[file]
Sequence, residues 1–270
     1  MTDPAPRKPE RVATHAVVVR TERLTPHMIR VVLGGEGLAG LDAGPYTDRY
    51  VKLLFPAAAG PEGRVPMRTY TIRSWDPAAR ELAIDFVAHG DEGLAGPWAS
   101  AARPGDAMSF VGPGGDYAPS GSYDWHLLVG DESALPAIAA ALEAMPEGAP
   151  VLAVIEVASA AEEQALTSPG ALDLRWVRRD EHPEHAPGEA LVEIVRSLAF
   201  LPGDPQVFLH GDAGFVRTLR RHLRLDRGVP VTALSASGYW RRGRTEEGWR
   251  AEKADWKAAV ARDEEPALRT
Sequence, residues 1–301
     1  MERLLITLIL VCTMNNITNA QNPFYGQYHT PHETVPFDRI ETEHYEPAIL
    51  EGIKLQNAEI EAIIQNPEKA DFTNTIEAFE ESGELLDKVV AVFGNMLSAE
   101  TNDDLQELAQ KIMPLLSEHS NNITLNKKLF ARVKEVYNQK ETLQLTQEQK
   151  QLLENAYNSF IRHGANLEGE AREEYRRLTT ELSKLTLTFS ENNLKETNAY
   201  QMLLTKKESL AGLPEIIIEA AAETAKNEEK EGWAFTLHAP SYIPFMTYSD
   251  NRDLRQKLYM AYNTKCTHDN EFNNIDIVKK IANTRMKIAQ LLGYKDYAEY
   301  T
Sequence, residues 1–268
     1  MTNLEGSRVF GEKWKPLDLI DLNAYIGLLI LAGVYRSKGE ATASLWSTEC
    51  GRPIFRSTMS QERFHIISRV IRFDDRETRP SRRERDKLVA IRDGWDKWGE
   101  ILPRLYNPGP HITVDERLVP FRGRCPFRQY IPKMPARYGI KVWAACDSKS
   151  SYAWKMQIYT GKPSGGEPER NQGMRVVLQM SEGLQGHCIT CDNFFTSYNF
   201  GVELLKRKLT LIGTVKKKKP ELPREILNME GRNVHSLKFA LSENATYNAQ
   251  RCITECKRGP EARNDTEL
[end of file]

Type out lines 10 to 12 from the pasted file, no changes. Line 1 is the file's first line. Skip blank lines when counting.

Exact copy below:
    51  EGIKLQNAEI EAIIQNPEKA DFTNTIEAFE ESGELLDKVV AVFGNMLSAE
   101  TNDDLQELAQ KIMPLLSEHS NNITLNKKLF ARVKEVYNQK ETLQLTQEQK
   151  QLLENAYNSF IRHGANLEGE AREEYRRLTT ELSKLTLTFS ENNLKETNAY